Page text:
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The Pinehurst outlook. (Pinehurst, N.C.) 1897-19??, March 18, 1916, Image 1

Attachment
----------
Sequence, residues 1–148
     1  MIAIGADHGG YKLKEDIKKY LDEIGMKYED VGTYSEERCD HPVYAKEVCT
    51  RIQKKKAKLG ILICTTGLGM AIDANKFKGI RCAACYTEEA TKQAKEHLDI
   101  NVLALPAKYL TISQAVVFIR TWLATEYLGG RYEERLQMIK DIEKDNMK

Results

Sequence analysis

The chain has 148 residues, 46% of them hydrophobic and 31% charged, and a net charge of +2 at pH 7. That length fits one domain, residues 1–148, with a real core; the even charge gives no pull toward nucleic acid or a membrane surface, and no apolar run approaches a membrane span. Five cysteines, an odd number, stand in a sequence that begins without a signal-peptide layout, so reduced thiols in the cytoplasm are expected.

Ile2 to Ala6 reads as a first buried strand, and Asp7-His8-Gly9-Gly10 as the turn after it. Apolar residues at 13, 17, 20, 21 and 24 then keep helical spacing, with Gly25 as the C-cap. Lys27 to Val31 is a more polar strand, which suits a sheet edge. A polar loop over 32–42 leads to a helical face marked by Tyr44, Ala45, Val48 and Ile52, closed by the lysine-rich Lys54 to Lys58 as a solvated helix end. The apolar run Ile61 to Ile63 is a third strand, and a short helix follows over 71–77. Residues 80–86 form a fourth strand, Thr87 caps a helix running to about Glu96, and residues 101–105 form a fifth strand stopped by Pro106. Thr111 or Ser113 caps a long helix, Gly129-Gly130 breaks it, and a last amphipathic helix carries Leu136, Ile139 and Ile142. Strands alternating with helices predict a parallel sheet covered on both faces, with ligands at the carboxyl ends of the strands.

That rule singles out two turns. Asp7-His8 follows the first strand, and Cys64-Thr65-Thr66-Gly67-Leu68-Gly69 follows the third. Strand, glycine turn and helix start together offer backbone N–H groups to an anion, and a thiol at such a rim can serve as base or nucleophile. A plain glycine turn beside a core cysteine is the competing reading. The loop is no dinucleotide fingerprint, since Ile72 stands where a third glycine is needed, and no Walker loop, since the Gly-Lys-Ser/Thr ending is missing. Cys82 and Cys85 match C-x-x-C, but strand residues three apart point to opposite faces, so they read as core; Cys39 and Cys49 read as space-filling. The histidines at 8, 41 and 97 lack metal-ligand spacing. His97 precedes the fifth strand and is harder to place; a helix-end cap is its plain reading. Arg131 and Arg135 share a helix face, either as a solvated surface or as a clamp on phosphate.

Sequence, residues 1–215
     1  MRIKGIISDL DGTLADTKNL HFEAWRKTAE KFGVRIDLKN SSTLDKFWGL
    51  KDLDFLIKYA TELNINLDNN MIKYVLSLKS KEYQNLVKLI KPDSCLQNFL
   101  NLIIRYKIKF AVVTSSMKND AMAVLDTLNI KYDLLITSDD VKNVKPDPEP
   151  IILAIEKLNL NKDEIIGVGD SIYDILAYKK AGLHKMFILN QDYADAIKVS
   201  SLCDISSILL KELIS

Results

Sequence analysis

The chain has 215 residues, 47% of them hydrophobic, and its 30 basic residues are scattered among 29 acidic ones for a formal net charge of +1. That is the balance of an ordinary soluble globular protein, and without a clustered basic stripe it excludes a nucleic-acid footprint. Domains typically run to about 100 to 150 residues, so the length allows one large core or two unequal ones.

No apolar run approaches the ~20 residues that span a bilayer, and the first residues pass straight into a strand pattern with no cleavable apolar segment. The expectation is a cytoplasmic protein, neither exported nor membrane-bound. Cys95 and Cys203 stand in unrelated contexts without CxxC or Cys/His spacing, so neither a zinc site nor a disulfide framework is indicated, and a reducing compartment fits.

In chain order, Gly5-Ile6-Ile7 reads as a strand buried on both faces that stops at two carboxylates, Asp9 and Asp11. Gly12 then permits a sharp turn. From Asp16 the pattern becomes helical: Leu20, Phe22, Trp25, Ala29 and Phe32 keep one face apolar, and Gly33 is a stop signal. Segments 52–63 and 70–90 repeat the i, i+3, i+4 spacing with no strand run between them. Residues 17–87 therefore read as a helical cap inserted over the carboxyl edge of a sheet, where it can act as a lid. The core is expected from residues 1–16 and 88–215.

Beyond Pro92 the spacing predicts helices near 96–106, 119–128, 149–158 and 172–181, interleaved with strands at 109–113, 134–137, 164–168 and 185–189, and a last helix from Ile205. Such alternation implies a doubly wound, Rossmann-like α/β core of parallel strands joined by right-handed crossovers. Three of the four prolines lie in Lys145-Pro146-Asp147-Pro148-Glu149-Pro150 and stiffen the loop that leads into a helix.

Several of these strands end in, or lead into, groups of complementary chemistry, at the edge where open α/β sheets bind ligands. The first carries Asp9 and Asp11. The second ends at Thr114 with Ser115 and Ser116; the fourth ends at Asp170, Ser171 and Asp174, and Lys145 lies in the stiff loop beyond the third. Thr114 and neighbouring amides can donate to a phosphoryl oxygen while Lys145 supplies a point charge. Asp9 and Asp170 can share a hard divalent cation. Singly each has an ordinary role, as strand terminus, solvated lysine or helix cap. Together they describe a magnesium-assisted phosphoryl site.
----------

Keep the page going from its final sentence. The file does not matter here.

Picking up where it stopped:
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- THE M MMMST I RT7 VOL. XIX, NO. 15 SATURDAY MORNING, MARCH 18, 1916 FIVE CENTS WHITTEMORE IS CBAMPION Wins the Three Day Medal Play of the Tin Whistles W. E Trueadell Second, and II. II' Ilackliam Lead In Ibe Wet Score for the JFIffy-four IIoleH THE champion of all the Tin Whistles is P. W. Whittemore of the Brookline Country Club. This was demonstrated to everyone 's satisfac tion in three days' hard medal play, on the three courses of the Country Club in succession. He finished the fifty four holes in 241. His score on the num ber one course the first day was eighty, a performance equalled also by Eobert Hunter of Wee Burn, the title holder last year, C. B. Hudson of North Fork and W. H. Faust of West Field. But nobody followed him thereafter. He made eighty one oh the 3econd course and eighty again on the third, without a dangerous rival. W. E. Truesdell, who has been pushing the leaders all season, crowded the old champion out of second place by one point, scoring 253 to Hunter's 254. The prize for the best net score was won by H. II. Kackham of Detroit. He made a 226, ekeing out a narrow vic tory from Walter Stall from Brockton and T. II. Hoggsett of Cleveland who both recorded 227. Eackham made nine ty on course one, ninety-six on course two, and one hundred and nine on course three, a total of two hundred and ninety five. His handicap aggregating sixty nine made the final score. There was a prize for the best net on any course, and this developed some good scores. J. D. Foot of Eye, with a handicap of fourteen, came in with a net of sixty-seven, which was tied by the final winner, Eackham. On number two course the second day C. F. Lancaster of Woodland left the field completely, and took the prize with a 72. ' C. L. Becker, another Woodland player, scored a victory on number three, 41 out and 44 in, a handicap of 10 and a winning total of 75. The scores by rounds, 1, 2 and 3 courses, gross total, total handicap and net total: II. II. Eackham 90 Walter Stall 90 T. II. Hoggsett 96 109295 69226 95 102287 60227 96 95 102293 66227 M. B. Johnson Dr. Carlos MacDonald 93 102 107302 60242 111 114 112337 108229 Spencer Waters C. L. Becker 89 91 96276 33243 87 90 85262 30232 C. B. Fownes Dr. J. S. Brown 87 94 92273 30243 89 92 98279 45234 II. II. Buckley J. L. Weller 92 106 108306 63243 89 93 94276 42234 G. T. Dunlap William II. Thayer 91 97 100288 45243 81 87 96264 30234 J. M. Thompson J. T. Newton 88 88 88264 21243 97 109 104310 75235 C. M. Eansom W. II. Faust 82 91 92265 21244 80 84 94258 21237 Charles Fletcher C. F. Lancaster 94 102 103299 54245 93 87 102282 45237 Danold Parson W. E. Truesdell 86 93 96275 30245 81 85 87253 15238 II. W. Ormsbee PRISCILLA CARYER J u h A DISTINGUISHED FOURSOME. BUNKER MATHEMATICS Miss Elinor Gates, Mrs. Eoland II. Barlow, Mrs. Clarence II. Vanderbeck and Mrs. Dorothy Campbell Hurd W. S. Van Clief 93 110 103306 60246 88 92 98278 39239 T A. Cheatham II. C. Fownes ' 90 92 91273 27246 81 88 94263 24239 C. S. MacDonald T. B. Boyd 85 95 99279 33246 84 95 93272 33239 0. A. Blackburn E. II. Hunt 102 107 110319 72247 89 90 94273 33240 C. B. Hudson G. W. Statzell 80 94 97271 24247 92 91 96279 39240 N D. Clark P. W. Whittemore 96 105 101302 54248 80 81 80241 0241 J m. Eobinson P. S. McLaughlin 96 109 103-308 60248 85 94 98277 36241 D w Wing J. II. Herring 100 107 114-321 72-249 100 97 99296 54242 IL F Lesh P. B. O'Brien 106 97297 48249 93 98 102 293 51 242 Concluded on rage fourteen) Famous Pianist to Play at the Carolina Hotel Adminlon Free to the Musical Treat of the Tear for the Ilenetlt ot Ilallle-Scarred IBelgJuni AT eight-thirty P. M. next Tuesday evening at the Carolina Hotel Miss Priscilla Carver will give a piano recital for the benefit of the suffering millions in Europe. It is a tangi ble answer to the in numerable appeals that have come from the cataclysm recently, a very remarkable double headed opportunity. First to hear one of the best pianists of the day, and secondly to satisfy that craving you have to give some of your immodest savings to the bewildered victims of conquest. Miss Carver is not only a good musician she is one of the best. She has ap peared in solo parts with the New York Symphony and the Thomas Orchestra of Chicago. She is a student of Teresa Car reno and of Harold Baner, and has been most enthusiastically received by the musical world. She appears under the patronage of the ladies of the cottage colony, including Mrs. Frank North, Mrs. Thomas Theo dore Watson, Mrs. F. E. May, Mrs. E. A. Swigert, Mrs. M. B. Johnson, Mrs. George Orvis, Mrs. Milton Eobinson, Mrs. H. W. Priest, Mrs. Harry G. Waring, Mrs. Guy Metcalf, Mrs. Tyler L. Eedfield, Mrs. F. C. Abbe, Mrs. Leonard Tufts, Miss Bruce, Mrs. John Cary Spring, Mrs. Eric Par son, Mrs. Parker W. Whittemore, Mrs. John Smithers, Mrs. George J. Jenks and Mrs. Zenas Eandall Bliss. A limited number of boxes are on sale at ten dollars a piece. All other seats are free of charge, and you are welcome to come. The prettiest girls in all the Caro- linas, with laughing eyes and fetching pink bows, will usher you in, and later give you an opportunity to contribute what your purse and your heart dictate for suffering humanity. The Silver Foil March 29 Medal Play Handicap for those who have not won a prize. Prizes for first, second and third net scores. April 5 Choice Score. Best six holes from each nine. Putting competitions will be held from time to time during the season.

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